Widespread use of renewable energy is crucial to the carbon-free future we must achieve to curb climate change. Over the last four decades, it has become much cheaper but there are still small issues stopping it from becoming the exclusive source of power in our lives. A thorny one is its reliability. The tech is amazing but it depends on the Sun and the wind, so researchers are focusing on ways to store the energy produced and deliver it to consumers on demand.
A team of engineers from MIT have come up with a new conceptual design to do just that. As reported in Energy and Environmental Science, they plan to use the excess electricity generated to heat up white-hot molten silicon. Then when necessary the light emitted by the molten metal can be converted back into electricity.
This “Sun in a box” approach is expected to be cheaper than current solutions. The team estimates that it will cost about half as much as hydroelectric storage, currently the cheapest form of grid-scale energy storage. And it will be vastly cheaper than lithium-ion batteries.
"Even if we wanted to run the grid on renewables right now we couldn't, because you'd need fossil-fueled turbines to make up for the fact that the renewable supply cannot be dispatched on demand," senior author Professor Asegun Henry said in a statement. "We're developing a new technology that, if successful, would solve this most important and critical problem in energy and climate change, namely, the storage problem."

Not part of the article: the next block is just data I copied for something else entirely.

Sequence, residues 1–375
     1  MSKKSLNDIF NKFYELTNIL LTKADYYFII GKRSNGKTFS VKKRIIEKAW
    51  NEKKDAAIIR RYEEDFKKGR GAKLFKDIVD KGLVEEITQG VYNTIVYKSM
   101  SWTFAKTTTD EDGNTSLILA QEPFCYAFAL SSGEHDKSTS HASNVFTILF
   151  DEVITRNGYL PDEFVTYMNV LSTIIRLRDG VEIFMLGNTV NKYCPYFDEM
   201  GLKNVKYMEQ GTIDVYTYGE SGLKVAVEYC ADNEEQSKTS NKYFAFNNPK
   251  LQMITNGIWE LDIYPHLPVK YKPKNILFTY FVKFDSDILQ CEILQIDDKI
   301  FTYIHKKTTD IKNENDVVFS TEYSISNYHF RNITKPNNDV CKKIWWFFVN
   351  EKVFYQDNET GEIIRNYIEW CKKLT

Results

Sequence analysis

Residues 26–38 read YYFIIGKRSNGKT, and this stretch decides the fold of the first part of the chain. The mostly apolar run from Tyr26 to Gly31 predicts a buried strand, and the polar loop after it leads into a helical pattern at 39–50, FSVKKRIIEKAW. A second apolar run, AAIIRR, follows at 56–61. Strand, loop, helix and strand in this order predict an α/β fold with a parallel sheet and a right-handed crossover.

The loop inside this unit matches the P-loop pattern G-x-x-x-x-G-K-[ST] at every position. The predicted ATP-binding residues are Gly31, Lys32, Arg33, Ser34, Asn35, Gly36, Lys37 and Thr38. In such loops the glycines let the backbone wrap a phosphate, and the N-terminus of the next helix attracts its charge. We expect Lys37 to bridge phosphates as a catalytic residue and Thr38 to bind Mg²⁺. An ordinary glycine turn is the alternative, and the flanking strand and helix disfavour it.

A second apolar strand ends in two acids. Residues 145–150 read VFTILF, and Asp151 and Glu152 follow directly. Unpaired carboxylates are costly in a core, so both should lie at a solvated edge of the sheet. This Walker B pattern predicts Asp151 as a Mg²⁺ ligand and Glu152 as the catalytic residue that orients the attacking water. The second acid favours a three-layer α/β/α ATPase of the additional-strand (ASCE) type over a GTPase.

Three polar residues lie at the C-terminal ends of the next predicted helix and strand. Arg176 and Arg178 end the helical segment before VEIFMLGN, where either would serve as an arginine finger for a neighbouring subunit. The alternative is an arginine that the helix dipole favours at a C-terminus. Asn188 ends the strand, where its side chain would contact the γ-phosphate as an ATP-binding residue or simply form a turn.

The project is called TEGS-MPV, which stands for Thermal Energy Grid Storage-Multi-Junction Photovoltaics. It would comprise two large tanks, one for the “cool” molten silicon (1,920°C; 3,500°F) and one for the “hot” molten silicon (2,370°C; 4,300°F). When electricity is needed, the hot silicon is pumped into tubes that can emit light, and the special multi-junction photovoltaics can efficiently convert it into electricity.
The team had to come up with innovative designs to test if this setup was possible. They constructed a small graphite-lined tank that can withstand the heat of the molten silicon, without any leaking on the outside. They also built a pump that is capable of dealing with such high temperatures, the highest tolerance ever achieved according to The Guinness Book of World Records.
Despite technological successes and challenges, the engineers are working hard on this project because it has the potential to change energy storage and could literally be built anywhere without the need for the damaging and costly dams that pumped hydro approaches require. The team thinks that a single TEGS-MPV could be used in a city with 100,000 homes that run exclusively on renewable energy.